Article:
The first problem arises if the show takes too long to resolve the "A" storyline and making the show feel stagnant. An example of this is summed up by one critic in the Tassler presentation, "You're saying that people at the end of the first season of 'Twin Peaks' didn't care that there was no revelation of who killed Laura Palmer?" I call this problem the "but we don't want the story to end" writer's block. This problem can manifest itself in other ways too. Shows can take to long to reveal what the underlying narrative really is, and who the protagonists/antagonists are. This is the "Invasion" problem. Shows can also stagnate in an endless cycle of almost identical episodes which fear moving the underlying narrative along too swiftly. I call this the "Threshold" problem. The storyline resolution, and stagnation, problem could be solved with networks (and creators) not being afraid to implement a "telenovela" approach and just write a 16 episode show, which might be followed by another "novel" with the same characters or it might not. Either way the story would be finished and writers wouldn't have to "prolong the inevitable."

The second problem is the network decisionmaking process itself. Networks, who are motivated by profit, have to decide whether to keep a show or drop it in a relatively short amount of time. This can cause shows, even good but "cult" shows, to end before the story is over which leaves fans hanging ("Firefly" anyone?). This is where the expanding marketplace and the interwebonetosphere can come in handy. Or at least, that has been a part of the discussion. One suggestion proposed, according to Richmond, is "posting all unaired episodes on a digital platform of some sort for those who need to discover what's gonna happen." [sic] This is a great idea, as far as it goes, but even given Richmond's pleasant mocking of the obsessed fan, that isn't very far.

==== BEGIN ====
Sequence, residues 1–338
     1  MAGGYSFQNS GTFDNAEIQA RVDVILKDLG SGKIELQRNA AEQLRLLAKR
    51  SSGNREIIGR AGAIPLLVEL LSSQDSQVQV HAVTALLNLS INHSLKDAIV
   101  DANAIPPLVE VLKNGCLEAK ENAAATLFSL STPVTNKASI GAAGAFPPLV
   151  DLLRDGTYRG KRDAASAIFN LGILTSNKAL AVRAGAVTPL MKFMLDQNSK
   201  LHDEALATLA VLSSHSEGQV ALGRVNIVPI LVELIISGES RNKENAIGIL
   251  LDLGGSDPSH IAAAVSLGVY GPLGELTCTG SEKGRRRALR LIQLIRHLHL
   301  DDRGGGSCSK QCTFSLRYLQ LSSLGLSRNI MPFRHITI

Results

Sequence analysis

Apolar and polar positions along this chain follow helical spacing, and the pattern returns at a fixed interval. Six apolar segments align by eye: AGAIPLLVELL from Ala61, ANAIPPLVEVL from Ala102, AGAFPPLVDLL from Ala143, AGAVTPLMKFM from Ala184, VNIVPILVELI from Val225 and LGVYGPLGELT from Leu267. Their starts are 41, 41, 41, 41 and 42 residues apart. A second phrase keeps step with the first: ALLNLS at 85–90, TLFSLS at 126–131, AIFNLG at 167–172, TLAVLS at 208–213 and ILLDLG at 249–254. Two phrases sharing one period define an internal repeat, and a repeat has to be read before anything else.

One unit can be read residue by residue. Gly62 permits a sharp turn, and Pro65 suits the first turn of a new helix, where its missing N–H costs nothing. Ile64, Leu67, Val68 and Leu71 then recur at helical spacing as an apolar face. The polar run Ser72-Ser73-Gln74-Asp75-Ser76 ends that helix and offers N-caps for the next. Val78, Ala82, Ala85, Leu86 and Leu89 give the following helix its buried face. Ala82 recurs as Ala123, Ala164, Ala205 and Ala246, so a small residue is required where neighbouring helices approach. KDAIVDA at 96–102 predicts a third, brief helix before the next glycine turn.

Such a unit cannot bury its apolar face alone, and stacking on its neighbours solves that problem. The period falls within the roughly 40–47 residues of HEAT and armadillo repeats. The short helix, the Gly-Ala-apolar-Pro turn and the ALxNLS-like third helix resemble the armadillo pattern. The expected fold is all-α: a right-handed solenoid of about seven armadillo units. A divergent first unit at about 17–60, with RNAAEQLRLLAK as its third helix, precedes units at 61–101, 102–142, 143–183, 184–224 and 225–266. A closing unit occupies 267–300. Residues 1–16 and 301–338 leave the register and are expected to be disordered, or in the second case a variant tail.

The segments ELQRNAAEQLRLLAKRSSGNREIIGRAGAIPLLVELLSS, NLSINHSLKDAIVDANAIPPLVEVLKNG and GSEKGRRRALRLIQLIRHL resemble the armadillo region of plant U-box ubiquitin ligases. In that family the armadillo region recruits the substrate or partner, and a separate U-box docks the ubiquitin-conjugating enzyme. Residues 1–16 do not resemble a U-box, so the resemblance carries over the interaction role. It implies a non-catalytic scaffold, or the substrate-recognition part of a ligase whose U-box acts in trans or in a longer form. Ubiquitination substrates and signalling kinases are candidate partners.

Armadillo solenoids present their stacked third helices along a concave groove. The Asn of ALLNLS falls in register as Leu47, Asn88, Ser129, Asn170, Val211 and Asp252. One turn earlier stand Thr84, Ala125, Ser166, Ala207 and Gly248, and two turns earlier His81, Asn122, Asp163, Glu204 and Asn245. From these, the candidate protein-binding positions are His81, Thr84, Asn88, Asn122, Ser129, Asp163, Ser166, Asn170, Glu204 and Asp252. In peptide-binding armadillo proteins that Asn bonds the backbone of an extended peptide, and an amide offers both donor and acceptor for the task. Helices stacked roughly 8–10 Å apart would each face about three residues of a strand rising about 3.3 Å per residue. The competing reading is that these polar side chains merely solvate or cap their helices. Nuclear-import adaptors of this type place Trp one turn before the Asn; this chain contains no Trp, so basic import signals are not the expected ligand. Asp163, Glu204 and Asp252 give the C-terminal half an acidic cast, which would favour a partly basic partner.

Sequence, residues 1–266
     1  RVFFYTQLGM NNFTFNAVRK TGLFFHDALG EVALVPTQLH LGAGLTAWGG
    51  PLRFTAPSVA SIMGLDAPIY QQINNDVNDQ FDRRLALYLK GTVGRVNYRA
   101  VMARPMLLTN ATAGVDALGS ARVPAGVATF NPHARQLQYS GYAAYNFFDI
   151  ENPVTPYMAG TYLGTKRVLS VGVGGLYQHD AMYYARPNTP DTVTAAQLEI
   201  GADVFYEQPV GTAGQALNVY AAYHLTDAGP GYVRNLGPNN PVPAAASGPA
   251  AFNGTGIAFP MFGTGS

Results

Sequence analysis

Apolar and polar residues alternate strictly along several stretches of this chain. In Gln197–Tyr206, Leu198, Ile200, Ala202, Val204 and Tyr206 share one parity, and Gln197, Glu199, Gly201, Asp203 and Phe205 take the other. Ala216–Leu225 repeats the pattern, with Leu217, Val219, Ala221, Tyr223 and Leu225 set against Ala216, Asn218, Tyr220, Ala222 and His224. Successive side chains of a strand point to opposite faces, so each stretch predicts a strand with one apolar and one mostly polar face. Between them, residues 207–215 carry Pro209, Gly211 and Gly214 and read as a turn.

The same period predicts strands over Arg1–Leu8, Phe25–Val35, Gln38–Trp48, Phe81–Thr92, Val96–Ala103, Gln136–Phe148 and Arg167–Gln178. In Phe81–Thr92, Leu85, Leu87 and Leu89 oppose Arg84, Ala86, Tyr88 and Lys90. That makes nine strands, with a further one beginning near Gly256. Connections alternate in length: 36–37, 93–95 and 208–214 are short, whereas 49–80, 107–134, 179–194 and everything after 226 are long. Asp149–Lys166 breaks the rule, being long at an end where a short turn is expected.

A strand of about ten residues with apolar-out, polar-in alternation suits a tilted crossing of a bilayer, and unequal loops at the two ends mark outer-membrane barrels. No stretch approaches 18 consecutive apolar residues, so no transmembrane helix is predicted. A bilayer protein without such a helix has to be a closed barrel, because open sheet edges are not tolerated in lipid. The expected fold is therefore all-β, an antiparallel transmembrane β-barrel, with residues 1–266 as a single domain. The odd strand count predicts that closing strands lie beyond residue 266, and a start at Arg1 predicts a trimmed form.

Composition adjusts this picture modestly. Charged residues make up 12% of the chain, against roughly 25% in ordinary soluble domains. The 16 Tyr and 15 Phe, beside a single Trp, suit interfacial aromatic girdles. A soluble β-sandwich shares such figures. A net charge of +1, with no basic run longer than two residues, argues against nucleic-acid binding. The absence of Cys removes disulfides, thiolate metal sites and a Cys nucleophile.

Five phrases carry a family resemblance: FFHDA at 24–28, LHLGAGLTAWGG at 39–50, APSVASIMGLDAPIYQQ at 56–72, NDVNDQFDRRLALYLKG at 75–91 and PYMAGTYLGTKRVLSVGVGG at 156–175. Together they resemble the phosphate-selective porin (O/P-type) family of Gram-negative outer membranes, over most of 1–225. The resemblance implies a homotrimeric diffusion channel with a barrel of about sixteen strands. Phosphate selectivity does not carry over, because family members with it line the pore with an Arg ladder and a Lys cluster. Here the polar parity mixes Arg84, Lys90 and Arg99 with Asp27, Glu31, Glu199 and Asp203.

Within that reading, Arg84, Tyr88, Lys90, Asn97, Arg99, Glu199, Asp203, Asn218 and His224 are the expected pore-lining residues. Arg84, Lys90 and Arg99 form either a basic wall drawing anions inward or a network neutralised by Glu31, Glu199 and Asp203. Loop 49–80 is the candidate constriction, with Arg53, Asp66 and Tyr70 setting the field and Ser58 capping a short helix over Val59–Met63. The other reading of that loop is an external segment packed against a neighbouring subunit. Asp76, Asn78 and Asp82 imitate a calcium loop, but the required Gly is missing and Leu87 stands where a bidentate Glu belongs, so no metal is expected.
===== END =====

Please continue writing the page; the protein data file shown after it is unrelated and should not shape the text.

That is often exactly what happens when DVDs are released. "Firefly" included extra episodes in its DVD collection,as did "American Gothic," but neither resolved the storylines. Audiences are left hanging. Narratively this is a bad thing, morally it isn't a thing at all, and financially it may be a necessary thing. If there aren't enough fans for a show, and trust me I have been one of those disappointed fans too many times to count, a show can't survive.

What I hope is that television executives are brave enough to continue offering serial television programs with interesting narratives. Those are actually the shows I find most interesting and in that way I disagree with Tassler. Given the choice between an excellent episodic show and an excellent serial show, I am going to choose the serial every time. And yes, that includes my gripes about Pirates 2 not having an ending. I just want Pirates 3 out tomorrow.

I guess it stems from my love of the old "Flash Gordon" serials and the desire to see real narratives worked out on the medium of television. It is hard to successfully convey the epic cycle in one hour. Could you imagine Wagner's Ring condensed to an hour?